FOXBOROUGH, Mass. (AP) – Troy Brown had a look of confusion instead of the elation that should have followed his catch that tied the Patriots’ record for career receptions.

The official standing just behind him after his sideline grab threw a penalty flag for taunting after the ball Brown threw softly toward the ball boy brushed against Indianapolis’ Gilbert Gardner. The gentlemanly Brown was stunned when he should have been savoring the moment.

It was that kind of game for New England on Sunday night: What could have been a happy day was filled with disappointment.

The Patriots marched right down field on their first possession, but Tom Brady threw an interception in the end zone. They nearly tripled the Colts’ rushing total, but were outgained by 100 yards through the air.

Not even the homefield advantage helped them win. The Colts improved to 8-0 with a 27-20 win, while the Patriots wondered how Brady threw four interceptions.

“Obviously, we were expecting a much better performance from us offensively,” Brown said Monday in his usual soft-spoken manner with a slight smile. “You want to be 8-0. That’s where you want to be but that’s not where we are.”

His five catches gave him 538, four more than Stanley Morgan. He tied the record on his first reception late in the first quarter, then was hit with the penalty.

“I was trying to figure out what the flag was down there for,” said Brown, who couldn’t recall ever being flagged for unsportsmanlike conduct, even in high school. “I didn’t even see the Colts guy there, but he called it. We overcame it.”

Coach Bill Belichick didn’t think Brown was taunting.

“The officials ruled that it was a violation so they threw the flag. We’ve talked to them about that,” Belichick said.

The Patriots did score on that possession, tying the game 7-7.

But Brady kept throwing interceptions and Peyton Manning threw two touchdown passes to Marvin Harrison.

So instead of being tied with Indianapolis for the NFL’s best record at 7-1, the Patriots are one of four AFC teams at 6-2.

The Colts threw for “more than they should have,” linebacker Junior Seau said, although the Patriots did hold them to an average of 2.1 yards per carry and 53 yards rushing.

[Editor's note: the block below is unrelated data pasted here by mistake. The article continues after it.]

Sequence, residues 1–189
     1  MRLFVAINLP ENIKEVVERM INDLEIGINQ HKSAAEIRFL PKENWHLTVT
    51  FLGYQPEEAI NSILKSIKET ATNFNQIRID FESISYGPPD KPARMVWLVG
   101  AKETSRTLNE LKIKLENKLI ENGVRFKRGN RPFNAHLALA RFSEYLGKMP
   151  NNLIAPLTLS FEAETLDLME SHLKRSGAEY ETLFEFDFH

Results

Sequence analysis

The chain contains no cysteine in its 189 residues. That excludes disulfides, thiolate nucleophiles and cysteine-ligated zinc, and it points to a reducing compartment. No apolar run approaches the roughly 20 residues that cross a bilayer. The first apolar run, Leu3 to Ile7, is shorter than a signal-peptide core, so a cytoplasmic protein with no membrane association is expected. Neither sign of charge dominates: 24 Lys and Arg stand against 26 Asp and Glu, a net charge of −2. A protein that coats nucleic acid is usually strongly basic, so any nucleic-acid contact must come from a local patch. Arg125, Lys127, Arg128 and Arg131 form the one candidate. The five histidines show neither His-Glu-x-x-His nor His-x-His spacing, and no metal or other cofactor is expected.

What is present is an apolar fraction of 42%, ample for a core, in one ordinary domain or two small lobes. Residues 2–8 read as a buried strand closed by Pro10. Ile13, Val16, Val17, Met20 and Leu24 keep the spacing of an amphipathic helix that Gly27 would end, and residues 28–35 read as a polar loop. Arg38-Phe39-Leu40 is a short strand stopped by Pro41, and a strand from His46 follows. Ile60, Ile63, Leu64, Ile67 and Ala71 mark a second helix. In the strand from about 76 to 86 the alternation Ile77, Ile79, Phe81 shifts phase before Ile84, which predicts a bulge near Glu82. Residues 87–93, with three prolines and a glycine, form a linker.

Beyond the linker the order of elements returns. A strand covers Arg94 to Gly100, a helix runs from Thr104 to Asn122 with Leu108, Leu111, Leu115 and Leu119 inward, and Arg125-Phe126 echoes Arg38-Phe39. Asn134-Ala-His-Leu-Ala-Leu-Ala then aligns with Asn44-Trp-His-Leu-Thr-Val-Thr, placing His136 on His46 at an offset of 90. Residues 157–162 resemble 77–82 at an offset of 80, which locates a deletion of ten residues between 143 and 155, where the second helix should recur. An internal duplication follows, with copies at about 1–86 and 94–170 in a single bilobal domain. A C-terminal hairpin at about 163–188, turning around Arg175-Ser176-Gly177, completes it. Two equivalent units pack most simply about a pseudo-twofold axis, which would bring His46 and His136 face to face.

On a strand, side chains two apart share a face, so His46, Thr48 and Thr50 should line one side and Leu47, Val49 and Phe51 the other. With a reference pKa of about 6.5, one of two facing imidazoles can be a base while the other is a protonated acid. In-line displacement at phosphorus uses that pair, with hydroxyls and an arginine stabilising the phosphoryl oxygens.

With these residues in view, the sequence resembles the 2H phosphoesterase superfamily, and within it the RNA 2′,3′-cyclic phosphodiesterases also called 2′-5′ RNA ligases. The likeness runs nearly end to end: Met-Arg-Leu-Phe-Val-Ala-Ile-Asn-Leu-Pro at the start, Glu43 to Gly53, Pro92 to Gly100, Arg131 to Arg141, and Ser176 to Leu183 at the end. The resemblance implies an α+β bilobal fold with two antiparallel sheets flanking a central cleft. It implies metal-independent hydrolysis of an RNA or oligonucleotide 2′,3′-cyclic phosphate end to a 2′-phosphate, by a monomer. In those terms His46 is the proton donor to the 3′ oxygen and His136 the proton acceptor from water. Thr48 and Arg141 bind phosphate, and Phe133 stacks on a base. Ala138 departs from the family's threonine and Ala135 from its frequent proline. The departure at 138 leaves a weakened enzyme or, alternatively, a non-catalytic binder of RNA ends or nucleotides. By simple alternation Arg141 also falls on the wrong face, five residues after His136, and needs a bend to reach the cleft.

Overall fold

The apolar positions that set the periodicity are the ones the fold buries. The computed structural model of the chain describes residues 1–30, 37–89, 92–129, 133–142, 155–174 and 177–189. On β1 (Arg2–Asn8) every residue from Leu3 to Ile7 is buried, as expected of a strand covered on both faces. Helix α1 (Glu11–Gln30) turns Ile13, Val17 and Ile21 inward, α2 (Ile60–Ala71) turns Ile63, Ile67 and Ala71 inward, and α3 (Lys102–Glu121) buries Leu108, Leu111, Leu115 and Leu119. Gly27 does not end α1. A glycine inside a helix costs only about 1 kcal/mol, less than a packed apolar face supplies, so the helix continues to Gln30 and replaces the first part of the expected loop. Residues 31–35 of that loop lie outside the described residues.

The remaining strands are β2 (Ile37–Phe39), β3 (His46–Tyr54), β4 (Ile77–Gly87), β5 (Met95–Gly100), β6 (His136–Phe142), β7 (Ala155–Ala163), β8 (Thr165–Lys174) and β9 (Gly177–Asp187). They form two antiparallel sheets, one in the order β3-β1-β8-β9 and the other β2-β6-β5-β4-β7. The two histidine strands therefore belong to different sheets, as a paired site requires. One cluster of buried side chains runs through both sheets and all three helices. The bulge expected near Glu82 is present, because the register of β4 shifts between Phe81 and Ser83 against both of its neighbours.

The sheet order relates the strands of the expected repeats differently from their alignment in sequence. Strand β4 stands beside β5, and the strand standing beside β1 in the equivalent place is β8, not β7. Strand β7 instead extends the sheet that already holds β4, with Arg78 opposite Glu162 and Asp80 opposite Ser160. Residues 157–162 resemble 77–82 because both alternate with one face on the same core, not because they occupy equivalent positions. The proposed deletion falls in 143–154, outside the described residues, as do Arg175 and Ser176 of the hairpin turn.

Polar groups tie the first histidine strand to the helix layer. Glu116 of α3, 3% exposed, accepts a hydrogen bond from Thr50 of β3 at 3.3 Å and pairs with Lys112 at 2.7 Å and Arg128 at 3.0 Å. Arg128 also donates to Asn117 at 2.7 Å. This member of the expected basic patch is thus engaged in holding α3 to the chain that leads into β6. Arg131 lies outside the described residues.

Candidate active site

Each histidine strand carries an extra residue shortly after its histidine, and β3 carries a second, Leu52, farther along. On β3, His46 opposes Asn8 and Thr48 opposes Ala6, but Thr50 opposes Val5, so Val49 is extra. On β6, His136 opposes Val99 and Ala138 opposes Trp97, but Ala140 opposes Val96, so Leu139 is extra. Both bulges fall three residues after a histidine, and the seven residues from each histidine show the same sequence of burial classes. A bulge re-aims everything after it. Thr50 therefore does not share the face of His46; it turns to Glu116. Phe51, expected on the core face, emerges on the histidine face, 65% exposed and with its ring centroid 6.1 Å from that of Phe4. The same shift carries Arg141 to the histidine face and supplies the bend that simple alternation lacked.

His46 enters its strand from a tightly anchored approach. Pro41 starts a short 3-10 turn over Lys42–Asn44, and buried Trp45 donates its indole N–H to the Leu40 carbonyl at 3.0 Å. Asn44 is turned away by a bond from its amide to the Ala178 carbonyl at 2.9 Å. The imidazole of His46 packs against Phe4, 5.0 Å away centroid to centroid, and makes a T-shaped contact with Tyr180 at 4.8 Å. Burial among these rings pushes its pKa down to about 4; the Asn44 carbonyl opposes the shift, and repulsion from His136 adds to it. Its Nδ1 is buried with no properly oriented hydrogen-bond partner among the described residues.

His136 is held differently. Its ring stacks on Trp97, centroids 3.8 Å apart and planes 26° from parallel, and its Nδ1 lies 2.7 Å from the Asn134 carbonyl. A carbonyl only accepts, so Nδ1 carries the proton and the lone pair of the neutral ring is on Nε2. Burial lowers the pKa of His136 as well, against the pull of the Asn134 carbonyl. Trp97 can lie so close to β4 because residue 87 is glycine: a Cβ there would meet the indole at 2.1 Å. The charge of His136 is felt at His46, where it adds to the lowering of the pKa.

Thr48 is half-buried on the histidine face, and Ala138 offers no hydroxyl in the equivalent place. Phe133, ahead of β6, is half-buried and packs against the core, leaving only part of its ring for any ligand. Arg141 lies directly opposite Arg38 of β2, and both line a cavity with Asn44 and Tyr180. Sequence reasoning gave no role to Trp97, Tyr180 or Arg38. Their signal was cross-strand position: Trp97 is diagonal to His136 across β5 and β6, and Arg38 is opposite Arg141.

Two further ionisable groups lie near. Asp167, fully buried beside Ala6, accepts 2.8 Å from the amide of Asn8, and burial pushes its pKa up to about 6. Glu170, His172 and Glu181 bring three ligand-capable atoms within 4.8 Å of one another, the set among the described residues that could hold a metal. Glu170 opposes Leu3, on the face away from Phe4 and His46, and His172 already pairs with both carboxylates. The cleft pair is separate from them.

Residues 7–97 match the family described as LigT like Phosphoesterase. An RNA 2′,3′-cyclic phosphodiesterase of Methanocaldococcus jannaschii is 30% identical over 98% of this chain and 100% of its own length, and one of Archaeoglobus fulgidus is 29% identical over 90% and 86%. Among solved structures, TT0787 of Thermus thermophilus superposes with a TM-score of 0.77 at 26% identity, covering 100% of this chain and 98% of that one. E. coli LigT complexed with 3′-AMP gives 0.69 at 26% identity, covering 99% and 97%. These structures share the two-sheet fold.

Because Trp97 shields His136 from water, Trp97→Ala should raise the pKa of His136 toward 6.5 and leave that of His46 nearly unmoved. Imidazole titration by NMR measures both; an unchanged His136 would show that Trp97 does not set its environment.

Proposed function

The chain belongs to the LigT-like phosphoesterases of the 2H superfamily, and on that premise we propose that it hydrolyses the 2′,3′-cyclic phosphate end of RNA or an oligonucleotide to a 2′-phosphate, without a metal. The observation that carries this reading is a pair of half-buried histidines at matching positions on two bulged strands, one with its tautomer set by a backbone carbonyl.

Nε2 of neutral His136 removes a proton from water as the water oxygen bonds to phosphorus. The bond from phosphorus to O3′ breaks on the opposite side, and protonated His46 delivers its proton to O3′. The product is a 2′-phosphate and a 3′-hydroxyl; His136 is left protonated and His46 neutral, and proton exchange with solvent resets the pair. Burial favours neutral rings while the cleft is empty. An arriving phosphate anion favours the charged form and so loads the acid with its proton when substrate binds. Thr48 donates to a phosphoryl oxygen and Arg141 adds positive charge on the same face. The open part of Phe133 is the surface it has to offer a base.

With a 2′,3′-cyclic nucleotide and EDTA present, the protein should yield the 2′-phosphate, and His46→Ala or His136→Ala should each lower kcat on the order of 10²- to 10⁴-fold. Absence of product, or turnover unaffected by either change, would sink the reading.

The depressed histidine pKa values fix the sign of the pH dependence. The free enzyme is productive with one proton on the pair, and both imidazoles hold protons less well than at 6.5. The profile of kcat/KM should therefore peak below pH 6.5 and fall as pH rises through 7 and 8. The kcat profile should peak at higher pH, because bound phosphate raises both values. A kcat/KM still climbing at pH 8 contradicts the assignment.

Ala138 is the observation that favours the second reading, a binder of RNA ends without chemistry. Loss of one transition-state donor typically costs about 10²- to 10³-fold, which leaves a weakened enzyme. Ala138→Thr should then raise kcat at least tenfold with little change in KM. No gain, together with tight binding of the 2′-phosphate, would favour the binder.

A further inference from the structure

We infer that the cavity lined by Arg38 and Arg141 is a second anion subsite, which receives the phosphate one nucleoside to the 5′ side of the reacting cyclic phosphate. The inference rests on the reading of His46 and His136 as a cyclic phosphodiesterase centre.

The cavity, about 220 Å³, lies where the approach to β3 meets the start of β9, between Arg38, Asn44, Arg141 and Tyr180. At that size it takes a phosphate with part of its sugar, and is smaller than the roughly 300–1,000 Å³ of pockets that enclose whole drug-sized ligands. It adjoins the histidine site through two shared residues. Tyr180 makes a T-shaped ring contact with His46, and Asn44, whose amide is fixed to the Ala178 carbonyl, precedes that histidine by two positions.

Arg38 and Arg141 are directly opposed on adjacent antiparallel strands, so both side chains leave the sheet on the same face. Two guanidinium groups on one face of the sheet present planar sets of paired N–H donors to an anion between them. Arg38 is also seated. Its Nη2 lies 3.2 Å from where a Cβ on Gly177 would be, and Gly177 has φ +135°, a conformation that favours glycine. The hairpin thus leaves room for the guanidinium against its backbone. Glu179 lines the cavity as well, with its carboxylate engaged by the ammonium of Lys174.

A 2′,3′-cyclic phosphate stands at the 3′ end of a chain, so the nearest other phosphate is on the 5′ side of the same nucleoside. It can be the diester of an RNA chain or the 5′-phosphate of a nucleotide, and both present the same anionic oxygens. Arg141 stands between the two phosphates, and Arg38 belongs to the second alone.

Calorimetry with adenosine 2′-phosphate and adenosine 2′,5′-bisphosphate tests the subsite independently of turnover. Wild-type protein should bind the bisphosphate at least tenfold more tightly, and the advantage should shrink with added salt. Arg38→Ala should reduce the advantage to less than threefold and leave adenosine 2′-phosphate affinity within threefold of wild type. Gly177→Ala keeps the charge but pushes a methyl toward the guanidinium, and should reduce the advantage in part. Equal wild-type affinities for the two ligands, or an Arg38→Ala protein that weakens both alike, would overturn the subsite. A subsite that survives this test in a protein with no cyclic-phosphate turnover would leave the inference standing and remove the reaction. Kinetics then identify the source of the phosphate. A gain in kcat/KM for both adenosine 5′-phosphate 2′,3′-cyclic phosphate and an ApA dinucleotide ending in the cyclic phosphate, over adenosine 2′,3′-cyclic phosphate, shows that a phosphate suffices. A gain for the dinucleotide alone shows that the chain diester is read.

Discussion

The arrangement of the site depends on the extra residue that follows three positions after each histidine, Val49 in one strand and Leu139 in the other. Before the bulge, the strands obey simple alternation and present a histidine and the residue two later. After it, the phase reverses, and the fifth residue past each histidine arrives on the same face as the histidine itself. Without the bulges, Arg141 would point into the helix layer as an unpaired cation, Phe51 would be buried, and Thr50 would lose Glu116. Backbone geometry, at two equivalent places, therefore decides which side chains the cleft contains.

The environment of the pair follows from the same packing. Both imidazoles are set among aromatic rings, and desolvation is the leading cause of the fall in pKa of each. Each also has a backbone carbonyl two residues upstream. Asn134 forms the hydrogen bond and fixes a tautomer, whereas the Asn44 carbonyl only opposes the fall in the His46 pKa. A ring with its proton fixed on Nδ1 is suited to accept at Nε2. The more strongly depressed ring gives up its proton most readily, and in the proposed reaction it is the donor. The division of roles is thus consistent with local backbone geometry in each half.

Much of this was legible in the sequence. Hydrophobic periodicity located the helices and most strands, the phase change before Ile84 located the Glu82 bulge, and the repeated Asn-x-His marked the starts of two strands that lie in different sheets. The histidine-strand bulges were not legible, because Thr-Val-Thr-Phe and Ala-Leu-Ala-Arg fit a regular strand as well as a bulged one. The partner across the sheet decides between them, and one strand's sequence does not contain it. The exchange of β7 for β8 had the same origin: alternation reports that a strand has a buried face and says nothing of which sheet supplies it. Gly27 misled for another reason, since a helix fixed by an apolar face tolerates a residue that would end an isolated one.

“That’s a positive,” Seau said. “There are a lot of positives and we are in first place. They’re a good team and we’ll cross paths again.”

The Patriots knocked the Colts out of the playoffs in the 2003 and 2004 seasons. But after six straight losses, Indianapolis has now beaten New England in their last two meetings, including a 40-21 win last season that also made the Colts 8-0.

“The things they did, we’ve seen them do before,” Belichick said. “It was competitive.”

The Patriots are home again next Sunday against the New York Jets, who trail them by two games in the AFC East. But both of New England’s losses came at Gillette Stadium and it only beat the Jets by seven points on the road in the second game of the season.

“We’ve got to protect the house, so that’s a little disappointing” to lose there to Indianapolis and Denver, Brown said, “and they were AFC opponents, so that can put you behind the eight-ball.”

So can an injury to hard-hitting safety Rodney Harrison.

He missed the last 13 games last season with a knee injury. On Sunday, he didn’t return after leaving with an arm injury in the first quarter, joining the other first-string safety, Eugene Wilson, on the sidelines.

Belichick was typically vague about Harrison’s condition.

“We have a lot of guys on the team that are sore,” he said Monday. “I would put him in that category.”

That group didn’t include Brown, physically or emotionally. He took the taunting call in stride, saying officials have a difficult job.

Even if that penalty hadn’t marred his record-tying catch, he still wouldn’t have celebrated.

“It happened in a game where we lost, so there’s nothing I’m really cheering about,” Brown said. “It’s a disappointing loss for us and I’m disappointed. The results of the game overshadow everything else.”


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